Continued from last week: click here to read the first part.

 

We left the story of Martina Amati (Ama) after her time in the plateaus of Tibet, with the film Altitude (2005).  Amati had parted ways with MTV Europe in London, and was now shooting shorts for the likes of Amouage Perfume and The Discovery Channel.  It was at this time she decided to take the individual plunge, and her debut in directing dramatic shorts began.

The later years of the previous decade saw Amati produce three shorts.  A’Mare was the first in 2008.  Amati very much desired to make a short film in her native Italian language, and chose to film on the coast of Sicily.  The fourteen-minute story of two Sicilian boys who row out to sea, only to witness the dark side of the Mediterranean Sea, was actually well ahead of the times.

“The themes of the film actually resonate more with recent times and news reports than I realised at the time.  It was something that had always been happening.  Actually, the actor who played the immigrant was an immigrant himself, and this was his first job since arriving in Italy.”  A’Mare won the Certificate of Excellence from BAFTA along with the UNICEF award at the Bilbao Short Film Festival in 2008, among several other accolades to its name.

Her success with A’Mare led to her next film I-Do-Air (2009) being shot back in the United Kingdom, entirely in a swimming pool.  This time only eight minutes in length, I-Do-Air depicts a young girl at the local swimming pool, trying to imagine being underwater whilst hesitating to enterI-Do-Air won the BAFTA for Best Short Film in 2010.  “It’s actually very frustrating when you are on the shortlist at the BAFTA’s.  You do not know until the day that you are in the running, so it actually all happened very fast for me.”  Amati now found herself at the height of the limelight and highly respected within the short film scene.

Chalk (2011) was the final piece in her line of shorts.  Chalk tells the story of two young gymnasts, developing their craft amidst the early trials of adolescence.  Amati found the production more strenuous than the previous two films.  “I think there was much more of a creative conflict within the production of Chalk.  I loved working with the girls, I can say that.”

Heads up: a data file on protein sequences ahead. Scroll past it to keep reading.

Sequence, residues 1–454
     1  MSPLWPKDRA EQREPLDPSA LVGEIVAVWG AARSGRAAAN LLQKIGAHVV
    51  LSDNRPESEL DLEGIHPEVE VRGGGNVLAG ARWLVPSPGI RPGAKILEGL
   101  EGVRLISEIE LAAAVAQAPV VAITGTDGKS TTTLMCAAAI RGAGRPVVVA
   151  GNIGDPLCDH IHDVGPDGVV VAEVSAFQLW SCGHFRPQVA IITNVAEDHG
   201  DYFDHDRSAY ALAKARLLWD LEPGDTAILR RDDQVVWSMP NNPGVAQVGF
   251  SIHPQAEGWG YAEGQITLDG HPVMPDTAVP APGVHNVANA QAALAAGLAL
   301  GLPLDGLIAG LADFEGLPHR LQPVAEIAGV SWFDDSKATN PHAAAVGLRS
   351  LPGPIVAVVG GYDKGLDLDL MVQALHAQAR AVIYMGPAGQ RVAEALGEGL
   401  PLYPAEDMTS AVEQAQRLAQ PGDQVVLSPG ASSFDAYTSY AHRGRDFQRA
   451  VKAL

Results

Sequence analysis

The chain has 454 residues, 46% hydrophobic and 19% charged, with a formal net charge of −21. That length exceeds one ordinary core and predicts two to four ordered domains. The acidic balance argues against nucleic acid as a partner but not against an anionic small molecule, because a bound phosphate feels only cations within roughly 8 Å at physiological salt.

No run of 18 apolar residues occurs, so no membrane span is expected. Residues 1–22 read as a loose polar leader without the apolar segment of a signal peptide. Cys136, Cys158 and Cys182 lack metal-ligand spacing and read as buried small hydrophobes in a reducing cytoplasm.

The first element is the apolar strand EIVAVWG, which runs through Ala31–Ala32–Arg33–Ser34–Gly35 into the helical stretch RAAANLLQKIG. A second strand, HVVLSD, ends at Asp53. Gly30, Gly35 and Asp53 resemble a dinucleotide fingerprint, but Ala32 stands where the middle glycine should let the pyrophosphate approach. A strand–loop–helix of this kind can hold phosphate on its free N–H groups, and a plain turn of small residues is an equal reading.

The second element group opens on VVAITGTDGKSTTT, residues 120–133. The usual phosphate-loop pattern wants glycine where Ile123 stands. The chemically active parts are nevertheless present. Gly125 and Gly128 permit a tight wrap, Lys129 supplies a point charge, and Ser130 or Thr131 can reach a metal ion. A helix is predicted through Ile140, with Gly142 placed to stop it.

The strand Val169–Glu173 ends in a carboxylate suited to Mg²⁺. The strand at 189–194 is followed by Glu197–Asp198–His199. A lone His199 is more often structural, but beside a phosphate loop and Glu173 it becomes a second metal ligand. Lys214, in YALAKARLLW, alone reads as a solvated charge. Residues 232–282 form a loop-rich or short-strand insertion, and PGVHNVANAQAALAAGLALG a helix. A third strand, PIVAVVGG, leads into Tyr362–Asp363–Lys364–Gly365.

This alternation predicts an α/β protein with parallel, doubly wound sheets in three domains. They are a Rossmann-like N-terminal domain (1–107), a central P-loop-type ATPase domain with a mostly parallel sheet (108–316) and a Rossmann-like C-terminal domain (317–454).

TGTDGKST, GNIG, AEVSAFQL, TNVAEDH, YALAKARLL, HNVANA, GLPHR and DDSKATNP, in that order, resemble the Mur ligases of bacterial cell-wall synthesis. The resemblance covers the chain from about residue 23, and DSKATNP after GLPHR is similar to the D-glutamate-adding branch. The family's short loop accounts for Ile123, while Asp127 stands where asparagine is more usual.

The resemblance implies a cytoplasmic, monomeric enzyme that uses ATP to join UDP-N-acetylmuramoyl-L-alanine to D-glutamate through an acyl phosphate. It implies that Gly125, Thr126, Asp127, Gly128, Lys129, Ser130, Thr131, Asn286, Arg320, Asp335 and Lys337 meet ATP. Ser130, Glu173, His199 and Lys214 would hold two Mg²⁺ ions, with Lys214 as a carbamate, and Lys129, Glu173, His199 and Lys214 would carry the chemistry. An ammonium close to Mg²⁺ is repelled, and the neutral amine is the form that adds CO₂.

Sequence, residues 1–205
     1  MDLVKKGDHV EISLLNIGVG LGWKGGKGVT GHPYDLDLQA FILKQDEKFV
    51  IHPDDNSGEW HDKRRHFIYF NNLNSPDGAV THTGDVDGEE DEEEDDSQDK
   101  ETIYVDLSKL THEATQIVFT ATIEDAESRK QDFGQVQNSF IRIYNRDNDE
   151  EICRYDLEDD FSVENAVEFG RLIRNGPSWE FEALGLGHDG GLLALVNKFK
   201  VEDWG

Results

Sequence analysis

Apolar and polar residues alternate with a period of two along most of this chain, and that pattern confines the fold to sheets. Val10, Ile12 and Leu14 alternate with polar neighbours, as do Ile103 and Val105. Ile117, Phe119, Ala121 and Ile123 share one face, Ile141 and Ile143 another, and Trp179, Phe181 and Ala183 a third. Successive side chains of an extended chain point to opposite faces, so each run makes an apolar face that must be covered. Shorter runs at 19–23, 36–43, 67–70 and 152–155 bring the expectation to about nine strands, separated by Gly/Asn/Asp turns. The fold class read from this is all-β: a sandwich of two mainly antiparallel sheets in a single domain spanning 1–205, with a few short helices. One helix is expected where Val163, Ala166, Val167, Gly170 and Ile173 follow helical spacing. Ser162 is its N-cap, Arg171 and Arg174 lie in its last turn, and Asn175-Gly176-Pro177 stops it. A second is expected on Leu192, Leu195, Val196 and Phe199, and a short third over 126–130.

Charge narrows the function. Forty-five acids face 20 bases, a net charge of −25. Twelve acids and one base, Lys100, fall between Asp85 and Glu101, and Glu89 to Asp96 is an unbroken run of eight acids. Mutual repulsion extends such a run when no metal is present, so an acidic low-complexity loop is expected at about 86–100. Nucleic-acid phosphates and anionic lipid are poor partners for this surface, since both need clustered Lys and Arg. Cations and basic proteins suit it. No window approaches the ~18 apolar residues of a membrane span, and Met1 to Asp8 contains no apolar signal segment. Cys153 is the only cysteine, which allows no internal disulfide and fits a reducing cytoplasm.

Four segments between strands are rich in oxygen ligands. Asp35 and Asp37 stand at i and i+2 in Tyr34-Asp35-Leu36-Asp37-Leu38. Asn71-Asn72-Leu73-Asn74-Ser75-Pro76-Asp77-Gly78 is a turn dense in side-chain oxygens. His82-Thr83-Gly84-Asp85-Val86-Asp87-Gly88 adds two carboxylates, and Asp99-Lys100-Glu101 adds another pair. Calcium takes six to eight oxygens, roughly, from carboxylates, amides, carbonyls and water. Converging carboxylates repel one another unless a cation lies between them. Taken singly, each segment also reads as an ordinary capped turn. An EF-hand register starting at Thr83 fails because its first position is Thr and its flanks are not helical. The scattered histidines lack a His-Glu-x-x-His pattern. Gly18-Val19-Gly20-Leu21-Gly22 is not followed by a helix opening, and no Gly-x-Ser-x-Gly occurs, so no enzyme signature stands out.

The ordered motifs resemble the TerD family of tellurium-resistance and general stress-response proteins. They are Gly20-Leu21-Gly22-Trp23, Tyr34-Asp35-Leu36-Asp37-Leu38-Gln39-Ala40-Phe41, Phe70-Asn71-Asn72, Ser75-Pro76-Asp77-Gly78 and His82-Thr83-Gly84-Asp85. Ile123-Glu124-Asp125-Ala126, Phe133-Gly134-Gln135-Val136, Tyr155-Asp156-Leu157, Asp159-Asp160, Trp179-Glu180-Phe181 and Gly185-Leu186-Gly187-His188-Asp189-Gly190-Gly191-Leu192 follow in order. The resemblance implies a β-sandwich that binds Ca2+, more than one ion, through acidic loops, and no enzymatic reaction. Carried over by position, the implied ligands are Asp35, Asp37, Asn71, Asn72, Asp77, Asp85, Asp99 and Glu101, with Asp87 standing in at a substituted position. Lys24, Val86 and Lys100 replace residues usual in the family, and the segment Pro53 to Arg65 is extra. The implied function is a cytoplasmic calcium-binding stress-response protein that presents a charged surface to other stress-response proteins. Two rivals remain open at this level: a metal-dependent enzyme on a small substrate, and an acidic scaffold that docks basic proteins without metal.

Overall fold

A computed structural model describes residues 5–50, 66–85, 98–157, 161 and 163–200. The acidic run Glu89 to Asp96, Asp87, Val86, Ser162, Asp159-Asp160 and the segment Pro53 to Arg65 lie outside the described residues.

Amati is slightly more reserved in her feelings towards her third dramatic outing.  This did not stop the film from attaining another BAFTA nomination and BIFA Win for Best Short Film.  “My feelings about it aren’t quite as fond as A’Mare or I-Do-Air, but people out there still liked it.”

There were a few short projects over the next few years in collaboration with fashion designer Bella Freud.  Submission (2011) was a short on a group of women training in Brazilian Jiu Jitsu, and Je t’Ecoute (2013), a musical, art and fashion piece, depicting model Lara Stone singing the title song to a young girl.  Both have gained wide praise from the short film community.

Amati would always remain attached to the concept of freediving and underwater shoots.  “If I ever had one regret it would be that I didn’t expand upon that little animation I left at Palazzo dell’Arengario.  In 2012, I was given that opportunity from The Wellcome Trust Large Arts Award to work on what would eventually be Under.”

Under premiered in 2015 to wide acclaim.  The multi-screened film installation showed Amati and a group of freedivers in an underwater presentation that amazed audiences.  “The centrepiece of the installation had a large white screen horizontally hanging over the audience's heads as they watched.”  The other screens of the installation also geared towards giving audiences an idea of the sensations of freediving through moving image and an eerily atmospheric music.

Today, Amati lives in London with her husband and son.  As our interview drew to a close, I asked her what her advice would be to young aspiring filmmakers.  “The best advice I can give is always stay true to who you are as an artist.  If you make something you do not care about, it will show.”  Amati’s artistic identity flourishes within her films.  It is why they are widely revered.  It is why she inspires the confidence of the sources that fund her projects.  Her stalwart presence is present in all of her work.

Upon asking her what the future holds, she remained cryptic on the subject.  “Maybe a few things, but nothing that I’ll discuss right now.”  We were okay with that.  Whatever Martina Amati has in store for us in the future, we are confident it will be something to behold.